6. 9ac3

    9ac3 Notebook Enthusiast

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    I would recommend getting a Clevo N141WU from either XoticPC or AVADirect. You can get sth like i7 8550u with 16 gb RAM, 250 gb SATA SSD + 1 TB HDD for just over $1000. It has a Matte screen with a 1080p FHD display.

    The battery life will last for 4 hrs so I think it would be a great buy for your wife's purpose.
     
  7. rlk

    rlk Notebook Consultant

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    One cheap option might be to blow the dust out of the cooling fins. I used a Dell Precision M6500 for years. After a while I noticed that when doing heavy image processing the fans would howl and sometimes the performance would drop to something like 10% of normal and would not come back without suspend/resume. A can of compressed air, blowing the ducts and cooling fins out thoroughly, put a stop to that until they got dirty again. Lather, rinse, repeat.
     
  8. Fred_Huang

    Fred_Huang Notebook Enthusiast

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    I am not expert in data science nor hardwares so I would just summarize what I read about personal data crunching machines.

    CPU: i5, ideally i7+ (more cores, more threads, more power)
    RAM: 16GB, the more the better
    GPU: not necessary unless image data included
    Build quality: any major brand with large business product lines should be fine: Lenovo, Dell, HP.

    Research groups usually have their own clusters or use university's clusters for computation. So I think going 1 level above your wife's current laptop hardware should suffice (like 8GB->16GB, i5->i7) for the future's work. Plus, more and more people now just rent AWS/AZURE for computation and use their own computer basically as a terminal (requires some setup though). The Stata site also

    Honestly I think $700 is a little tight with a moderate CPU + large RAM and SSDs from a well-known brand. Definitely look at official outlet store for good deals. But $900 can get one of this.

    But again, I think any combination of [6th/7th generation i7 + 16GB + 256 GB SSD + 1T HDD] from a well known business line will be sufficient. Intensive computation always takes place on the cloud nowadays. And you want to make compromise between power and battery life/portability. I would just search Thinkpad/Dell/HP's outlet store and bestbuy/BH deals for this combination and choose the best price + battery life.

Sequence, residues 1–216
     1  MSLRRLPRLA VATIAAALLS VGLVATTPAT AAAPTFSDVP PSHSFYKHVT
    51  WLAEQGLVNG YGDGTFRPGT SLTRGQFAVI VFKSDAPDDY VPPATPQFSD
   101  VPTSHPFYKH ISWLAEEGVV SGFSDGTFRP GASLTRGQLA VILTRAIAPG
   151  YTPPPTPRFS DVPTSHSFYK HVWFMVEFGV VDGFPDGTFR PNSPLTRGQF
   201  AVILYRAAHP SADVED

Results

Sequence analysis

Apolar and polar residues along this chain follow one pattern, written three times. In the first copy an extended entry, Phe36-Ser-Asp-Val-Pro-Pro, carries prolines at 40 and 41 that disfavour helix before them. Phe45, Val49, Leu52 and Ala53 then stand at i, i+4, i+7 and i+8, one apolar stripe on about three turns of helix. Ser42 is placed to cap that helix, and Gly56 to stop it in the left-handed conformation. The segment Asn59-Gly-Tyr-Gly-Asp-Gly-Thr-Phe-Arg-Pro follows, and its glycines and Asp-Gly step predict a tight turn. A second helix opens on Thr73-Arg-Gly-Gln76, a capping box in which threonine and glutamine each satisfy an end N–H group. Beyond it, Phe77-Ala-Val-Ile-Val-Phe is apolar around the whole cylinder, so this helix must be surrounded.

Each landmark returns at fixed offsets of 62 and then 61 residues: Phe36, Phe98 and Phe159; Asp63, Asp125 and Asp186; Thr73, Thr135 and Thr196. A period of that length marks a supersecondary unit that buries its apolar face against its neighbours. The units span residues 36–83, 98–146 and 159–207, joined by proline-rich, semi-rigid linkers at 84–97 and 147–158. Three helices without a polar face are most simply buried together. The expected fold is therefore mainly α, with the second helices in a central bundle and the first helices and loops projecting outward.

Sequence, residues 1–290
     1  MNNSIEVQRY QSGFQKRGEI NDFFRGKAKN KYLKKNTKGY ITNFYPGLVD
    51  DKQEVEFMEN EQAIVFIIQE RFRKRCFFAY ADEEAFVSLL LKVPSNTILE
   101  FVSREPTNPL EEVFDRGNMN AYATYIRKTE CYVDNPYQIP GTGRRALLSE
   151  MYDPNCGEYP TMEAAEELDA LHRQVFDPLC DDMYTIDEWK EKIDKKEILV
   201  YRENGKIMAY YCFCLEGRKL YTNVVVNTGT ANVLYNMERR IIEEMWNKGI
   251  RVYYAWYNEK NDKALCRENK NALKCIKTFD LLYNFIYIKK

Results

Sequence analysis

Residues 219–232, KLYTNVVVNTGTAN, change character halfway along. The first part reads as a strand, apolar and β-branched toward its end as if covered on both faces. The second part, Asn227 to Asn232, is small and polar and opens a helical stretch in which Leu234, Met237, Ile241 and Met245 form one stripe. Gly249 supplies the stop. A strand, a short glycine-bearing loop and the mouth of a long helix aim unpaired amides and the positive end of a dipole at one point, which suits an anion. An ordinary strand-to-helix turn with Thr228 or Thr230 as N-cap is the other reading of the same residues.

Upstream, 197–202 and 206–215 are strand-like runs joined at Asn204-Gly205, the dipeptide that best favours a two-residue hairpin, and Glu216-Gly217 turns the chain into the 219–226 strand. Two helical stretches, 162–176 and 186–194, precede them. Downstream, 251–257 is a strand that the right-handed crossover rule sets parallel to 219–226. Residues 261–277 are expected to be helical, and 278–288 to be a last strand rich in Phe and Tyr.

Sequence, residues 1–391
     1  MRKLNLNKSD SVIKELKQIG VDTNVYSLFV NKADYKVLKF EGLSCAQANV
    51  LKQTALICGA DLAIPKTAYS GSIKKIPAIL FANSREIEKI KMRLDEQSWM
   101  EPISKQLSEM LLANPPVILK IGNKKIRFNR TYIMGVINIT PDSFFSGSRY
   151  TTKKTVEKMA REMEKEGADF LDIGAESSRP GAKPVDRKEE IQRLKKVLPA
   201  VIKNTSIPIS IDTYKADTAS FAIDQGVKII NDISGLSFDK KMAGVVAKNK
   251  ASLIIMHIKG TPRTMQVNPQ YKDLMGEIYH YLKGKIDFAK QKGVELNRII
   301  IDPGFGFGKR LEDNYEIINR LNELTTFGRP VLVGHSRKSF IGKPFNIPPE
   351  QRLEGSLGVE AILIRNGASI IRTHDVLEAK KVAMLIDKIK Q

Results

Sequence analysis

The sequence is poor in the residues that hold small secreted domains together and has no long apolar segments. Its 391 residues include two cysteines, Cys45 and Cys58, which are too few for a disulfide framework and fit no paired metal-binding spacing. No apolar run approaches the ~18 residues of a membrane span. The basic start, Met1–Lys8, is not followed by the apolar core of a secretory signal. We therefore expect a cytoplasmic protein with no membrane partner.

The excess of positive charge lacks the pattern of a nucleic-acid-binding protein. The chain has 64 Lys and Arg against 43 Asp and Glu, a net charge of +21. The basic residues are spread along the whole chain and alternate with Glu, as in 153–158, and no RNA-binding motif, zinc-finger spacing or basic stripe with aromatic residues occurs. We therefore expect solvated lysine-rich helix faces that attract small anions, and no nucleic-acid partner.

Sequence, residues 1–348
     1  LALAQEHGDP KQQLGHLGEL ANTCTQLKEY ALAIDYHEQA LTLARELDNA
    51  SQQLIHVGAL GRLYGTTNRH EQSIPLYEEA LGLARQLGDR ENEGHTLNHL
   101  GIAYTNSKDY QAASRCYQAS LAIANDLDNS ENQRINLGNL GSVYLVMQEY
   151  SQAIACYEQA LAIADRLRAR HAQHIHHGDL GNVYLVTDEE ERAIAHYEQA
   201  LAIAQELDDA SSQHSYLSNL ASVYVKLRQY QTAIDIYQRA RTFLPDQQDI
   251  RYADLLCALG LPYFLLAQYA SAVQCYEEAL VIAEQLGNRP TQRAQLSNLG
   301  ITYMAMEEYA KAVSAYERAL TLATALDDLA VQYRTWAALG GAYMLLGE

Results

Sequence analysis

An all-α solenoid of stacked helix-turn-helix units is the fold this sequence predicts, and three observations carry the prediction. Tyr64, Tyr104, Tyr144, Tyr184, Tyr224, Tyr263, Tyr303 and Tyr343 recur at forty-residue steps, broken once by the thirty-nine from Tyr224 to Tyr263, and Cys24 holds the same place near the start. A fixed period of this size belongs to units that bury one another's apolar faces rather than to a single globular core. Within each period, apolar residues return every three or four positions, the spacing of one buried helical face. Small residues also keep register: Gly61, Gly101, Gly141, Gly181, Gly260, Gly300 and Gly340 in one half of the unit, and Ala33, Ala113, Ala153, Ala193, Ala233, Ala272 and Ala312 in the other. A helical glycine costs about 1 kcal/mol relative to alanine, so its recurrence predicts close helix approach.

Sorry if I couldn't be of more help. Good luck.

    EDIT: But if, just if, your wife is not planning on working with clusters in any foreseeable future and does her research all on this personal computer, I would recommend put in slightly more budget and sacrifice a little compactness to find a model definitely with a fast i7 CPU and additional slots for future ram/ssd upgrades.

    EDIT2: She might want to consult with IT department if there is any university regulation preventing using personal computer for public-funded research or enforcement of certain security softwares on it. Like the IT department's speculation, the fan noise might purely be the result of a tight/broken enterprise grade AV (but upgraded hardware definitely will tolerate the same load with lower temps so I don't know).
     
    Last edited: Jun 13, 2018
  9. vs40

    vs40 Notebook Guru

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    If 13.3" is OK, look at Clevo N131WU
    http://forum.notebookreview.com/thr...-8th-gen-tb3-4x-aluminum-and-13-3-qhd.812990/
    • Aluminum body
    • 1080p or QHD+ display
    • i5-8250U or i7-8550U
    • m2 NVMe slot + 2.5"
    • 2*RAM slots, up to 32GB RAM
    • Thunderbolt 3, HDMI 1.4 and Display Port
    • Optional SIM-Card slot.
    • Battery life is not great, but for your purposes "on a desk 95% of time" it does not matter.
    Review with 1080p + i7-8550U
    https://www.notebookcheck.net/Tuxed...-500-GB-32-GB-FHD-Laptop-Review.260362.0.html
     
  10. 9ac3

    9ac3 Notebook Enthusiast

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    Yes, this also a good alternative to the Clevo N141WU I mentioned. I think the QHD display of the 13.3" will suck the battery life a bit faster than the 14 inch FHD one. I personally prefer a 14 inch screen for coding and data work in Stata and Excel. If only the N141WU had an IPS screen with a Matte finish...